Sounds of Vela Luka - Anacortes Magazine - Art, Music, and Community

Sounds of Vela Luka

The Sister Cities Delegation’s first visit to the town of Vela Luka was some fifteen years ago during Dean Maxwell’s administration. My late husband Nick, was on the city council, so, at that time, I was lucky enough to be part of the first delegation, There was much warmth, hospitality and laughter given the exuberant nature of our group which included Don Wik and my husband , Nick, who kept the official events extremely enjoyable, much to the delight of our city hosts.

Our friend and devout Sister Cities booster, Marius Hibbard, is currently in Croatia, joining our most recent delegation to visit Vela Luka. Luckily there was a local festivity that included a spectacular folklore performance in the town square. At the finale, he was able to video the local brass ensemble playing a wonderful rendition of ” When The Saints Go Marching In.”

The Vela Luka community is very musical as is all of the Dalmatian Coast and the rest of Croatia. Vela Luka, however, has given that country an exceptionally large number of its pop stars. Also, on any given Sunday, at mass, you will hear a Bach or Mozart mass sung by the congregants. Musicians, small string ensembles and acapella groups abound and the community brass band is an institution.Protocol demands all funeral processions be accompanied by the brass. This custom is as old as Vela Luka.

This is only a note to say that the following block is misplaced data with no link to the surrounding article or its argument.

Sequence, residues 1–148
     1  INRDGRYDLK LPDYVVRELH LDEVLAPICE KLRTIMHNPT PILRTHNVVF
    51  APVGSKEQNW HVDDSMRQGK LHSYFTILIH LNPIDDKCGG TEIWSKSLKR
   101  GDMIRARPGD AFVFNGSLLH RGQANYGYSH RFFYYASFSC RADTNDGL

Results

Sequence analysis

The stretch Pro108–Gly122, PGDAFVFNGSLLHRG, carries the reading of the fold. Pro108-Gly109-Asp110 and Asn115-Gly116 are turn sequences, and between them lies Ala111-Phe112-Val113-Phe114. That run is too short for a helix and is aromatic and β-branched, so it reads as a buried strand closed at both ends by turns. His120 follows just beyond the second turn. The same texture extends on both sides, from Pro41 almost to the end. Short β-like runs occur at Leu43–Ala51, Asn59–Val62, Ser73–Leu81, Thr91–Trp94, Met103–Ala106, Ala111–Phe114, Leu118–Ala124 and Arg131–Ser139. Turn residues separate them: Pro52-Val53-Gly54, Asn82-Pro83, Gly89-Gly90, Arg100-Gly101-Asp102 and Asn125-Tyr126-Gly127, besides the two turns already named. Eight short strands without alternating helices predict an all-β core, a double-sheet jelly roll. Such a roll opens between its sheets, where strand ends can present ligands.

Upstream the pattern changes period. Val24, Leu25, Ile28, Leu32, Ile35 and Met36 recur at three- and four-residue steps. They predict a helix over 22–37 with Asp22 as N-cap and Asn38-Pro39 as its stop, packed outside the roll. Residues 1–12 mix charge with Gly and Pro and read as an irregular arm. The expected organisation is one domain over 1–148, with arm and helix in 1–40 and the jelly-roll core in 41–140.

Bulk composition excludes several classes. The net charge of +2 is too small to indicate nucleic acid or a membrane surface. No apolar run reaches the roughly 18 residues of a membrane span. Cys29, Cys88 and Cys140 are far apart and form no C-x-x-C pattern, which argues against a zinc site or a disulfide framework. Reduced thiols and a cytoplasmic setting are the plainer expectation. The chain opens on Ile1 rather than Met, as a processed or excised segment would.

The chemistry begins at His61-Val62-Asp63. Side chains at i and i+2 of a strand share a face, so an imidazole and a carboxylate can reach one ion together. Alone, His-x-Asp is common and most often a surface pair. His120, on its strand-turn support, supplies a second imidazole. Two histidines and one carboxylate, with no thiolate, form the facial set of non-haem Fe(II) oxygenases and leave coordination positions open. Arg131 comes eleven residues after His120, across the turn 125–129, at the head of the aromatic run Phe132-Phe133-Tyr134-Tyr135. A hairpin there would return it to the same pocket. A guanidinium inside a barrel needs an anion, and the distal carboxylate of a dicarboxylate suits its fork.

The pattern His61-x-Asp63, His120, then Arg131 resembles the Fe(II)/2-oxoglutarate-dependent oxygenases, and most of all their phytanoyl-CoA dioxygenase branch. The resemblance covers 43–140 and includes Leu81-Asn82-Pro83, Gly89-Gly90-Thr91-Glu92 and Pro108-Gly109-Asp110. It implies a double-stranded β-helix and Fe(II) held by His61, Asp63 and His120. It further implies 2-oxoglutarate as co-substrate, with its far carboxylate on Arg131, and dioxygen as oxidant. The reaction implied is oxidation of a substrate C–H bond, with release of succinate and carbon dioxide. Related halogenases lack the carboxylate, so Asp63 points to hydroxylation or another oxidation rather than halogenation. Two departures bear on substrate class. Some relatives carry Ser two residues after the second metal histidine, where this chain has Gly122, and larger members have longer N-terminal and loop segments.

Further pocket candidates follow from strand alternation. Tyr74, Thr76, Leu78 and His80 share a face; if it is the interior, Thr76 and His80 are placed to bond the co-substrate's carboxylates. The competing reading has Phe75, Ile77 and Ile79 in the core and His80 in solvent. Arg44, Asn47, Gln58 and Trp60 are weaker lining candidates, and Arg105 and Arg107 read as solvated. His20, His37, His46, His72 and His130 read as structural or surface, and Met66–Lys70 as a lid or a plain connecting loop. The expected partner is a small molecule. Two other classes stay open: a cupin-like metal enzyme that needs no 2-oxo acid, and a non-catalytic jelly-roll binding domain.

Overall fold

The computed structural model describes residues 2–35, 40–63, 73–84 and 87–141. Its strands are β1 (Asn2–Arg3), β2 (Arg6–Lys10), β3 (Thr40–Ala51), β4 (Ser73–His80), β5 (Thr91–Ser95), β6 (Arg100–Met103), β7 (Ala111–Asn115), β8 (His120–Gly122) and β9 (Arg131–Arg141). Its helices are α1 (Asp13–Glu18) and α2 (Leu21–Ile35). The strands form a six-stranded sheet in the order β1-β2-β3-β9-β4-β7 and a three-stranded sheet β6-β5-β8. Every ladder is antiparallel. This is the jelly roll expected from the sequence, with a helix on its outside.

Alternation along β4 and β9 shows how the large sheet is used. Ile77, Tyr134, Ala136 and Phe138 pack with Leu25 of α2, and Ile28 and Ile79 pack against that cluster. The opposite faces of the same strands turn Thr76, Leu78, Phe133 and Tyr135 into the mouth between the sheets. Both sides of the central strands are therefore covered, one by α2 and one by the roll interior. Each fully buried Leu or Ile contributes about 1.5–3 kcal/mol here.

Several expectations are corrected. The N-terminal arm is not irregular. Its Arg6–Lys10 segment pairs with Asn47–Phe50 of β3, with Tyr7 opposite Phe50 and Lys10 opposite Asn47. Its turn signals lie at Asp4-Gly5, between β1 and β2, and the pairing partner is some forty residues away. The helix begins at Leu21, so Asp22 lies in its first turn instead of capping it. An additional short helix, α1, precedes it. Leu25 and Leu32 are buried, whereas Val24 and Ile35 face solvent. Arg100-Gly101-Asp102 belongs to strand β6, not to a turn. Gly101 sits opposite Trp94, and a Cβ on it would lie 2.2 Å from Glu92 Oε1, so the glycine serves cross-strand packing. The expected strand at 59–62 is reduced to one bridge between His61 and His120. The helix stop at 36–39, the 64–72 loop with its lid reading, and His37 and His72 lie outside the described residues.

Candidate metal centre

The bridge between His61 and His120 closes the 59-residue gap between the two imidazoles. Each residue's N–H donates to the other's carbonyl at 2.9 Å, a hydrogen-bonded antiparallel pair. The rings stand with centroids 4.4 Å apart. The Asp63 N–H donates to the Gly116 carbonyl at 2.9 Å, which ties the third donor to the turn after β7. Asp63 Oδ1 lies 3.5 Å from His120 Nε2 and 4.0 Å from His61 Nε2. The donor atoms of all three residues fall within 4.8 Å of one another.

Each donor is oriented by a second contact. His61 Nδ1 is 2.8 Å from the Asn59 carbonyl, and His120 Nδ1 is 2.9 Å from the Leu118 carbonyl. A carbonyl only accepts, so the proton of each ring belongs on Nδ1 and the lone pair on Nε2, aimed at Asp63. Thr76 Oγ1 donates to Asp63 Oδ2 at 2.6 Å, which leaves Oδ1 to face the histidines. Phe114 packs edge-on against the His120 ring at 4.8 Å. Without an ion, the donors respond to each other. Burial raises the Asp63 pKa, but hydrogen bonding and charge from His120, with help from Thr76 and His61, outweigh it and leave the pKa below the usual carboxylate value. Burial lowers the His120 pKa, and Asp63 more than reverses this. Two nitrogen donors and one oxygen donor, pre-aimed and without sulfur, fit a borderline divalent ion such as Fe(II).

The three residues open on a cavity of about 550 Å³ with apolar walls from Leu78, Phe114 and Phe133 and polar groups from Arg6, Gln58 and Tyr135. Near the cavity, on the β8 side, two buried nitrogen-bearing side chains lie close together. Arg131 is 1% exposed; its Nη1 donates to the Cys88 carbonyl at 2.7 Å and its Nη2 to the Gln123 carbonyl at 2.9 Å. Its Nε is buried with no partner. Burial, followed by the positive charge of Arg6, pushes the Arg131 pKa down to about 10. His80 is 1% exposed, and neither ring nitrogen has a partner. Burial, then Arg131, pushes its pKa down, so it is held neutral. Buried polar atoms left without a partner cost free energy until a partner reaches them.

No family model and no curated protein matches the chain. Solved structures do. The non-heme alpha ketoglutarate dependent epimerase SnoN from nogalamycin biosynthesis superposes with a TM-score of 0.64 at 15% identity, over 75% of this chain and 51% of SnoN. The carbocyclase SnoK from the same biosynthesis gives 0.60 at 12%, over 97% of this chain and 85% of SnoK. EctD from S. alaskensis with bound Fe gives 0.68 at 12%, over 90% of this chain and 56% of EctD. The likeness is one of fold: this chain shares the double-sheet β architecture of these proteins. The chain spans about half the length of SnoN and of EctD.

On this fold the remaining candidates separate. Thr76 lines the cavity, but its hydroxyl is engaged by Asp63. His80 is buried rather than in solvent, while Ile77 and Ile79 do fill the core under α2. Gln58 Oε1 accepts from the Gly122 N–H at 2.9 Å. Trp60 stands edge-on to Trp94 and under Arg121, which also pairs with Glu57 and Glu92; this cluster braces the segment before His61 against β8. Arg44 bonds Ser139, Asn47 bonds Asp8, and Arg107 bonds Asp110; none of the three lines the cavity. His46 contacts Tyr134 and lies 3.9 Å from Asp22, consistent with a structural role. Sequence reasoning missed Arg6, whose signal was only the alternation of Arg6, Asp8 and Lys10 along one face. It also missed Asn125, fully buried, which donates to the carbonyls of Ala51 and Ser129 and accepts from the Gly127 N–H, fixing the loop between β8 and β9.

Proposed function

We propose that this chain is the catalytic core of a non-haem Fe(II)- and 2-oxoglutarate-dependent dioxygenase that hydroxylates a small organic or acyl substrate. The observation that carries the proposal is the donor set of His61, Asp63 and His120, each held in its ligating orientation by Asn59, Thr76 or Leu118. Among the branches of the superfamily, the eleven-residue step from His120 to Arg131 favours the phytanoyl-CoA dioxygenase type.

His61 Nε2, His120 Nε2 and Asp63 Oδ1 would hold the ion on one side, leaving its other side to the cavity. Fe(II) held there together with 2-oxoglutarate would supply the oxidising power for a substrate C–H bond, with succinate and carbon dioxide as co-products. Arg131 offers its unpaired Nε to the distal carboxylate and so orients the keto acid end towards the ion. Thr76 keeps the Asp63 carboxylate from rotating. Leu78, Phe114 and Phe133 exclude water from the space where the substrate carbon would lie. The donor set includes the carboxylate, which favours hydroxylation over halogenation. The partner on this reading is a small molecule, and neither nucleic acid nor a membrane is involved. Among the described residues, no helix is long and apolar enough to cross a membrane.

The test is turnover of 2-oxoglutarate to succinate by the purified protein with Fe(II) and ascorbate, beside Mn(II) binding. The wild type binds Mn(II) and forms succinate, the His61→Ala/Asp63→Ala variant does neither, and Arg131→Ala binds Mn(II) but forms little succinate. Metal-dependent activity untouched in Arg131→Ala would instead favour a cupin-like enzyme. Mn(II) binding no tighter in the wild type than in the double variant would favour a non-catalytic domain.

In the 1600’s the Spanish discovered Las Floridas, as they called it, and many locations on the Gulf Coast such as what is known today as New Orleans. Yes, the Spanish beat the French there .Many of the sailors and priests were Dalmatians. The island of Korchula, where Vela Luka is located, had a great deal of interface with Spain and the kings of Aragon. In fact, their galleons fought side by side against the British in the historic battles for supremacy of the seas.

The same sailors and priests who set foot on the now shores of Louisiana brought with them the custom of the religious procession and the musical funerial accompaniment .Today’s brass bands at Mardi Gras are a vestige of the religious procession which later became secular parades but harken back to the mariners and monks of Dalmatia as do the shrimping and other fishing industries of new Orleans. Although “When The Saints Go Marching In” is an American invention, the Brass and its attendant customs are old world Adriatic and Coastal Dalmatia. To this day there remains a vibrant Dalmatian community in the New Orleans environs…but that’s the subject of another story.

Maria Petrish
Founder of the Anacortes Croatian Cultural Center

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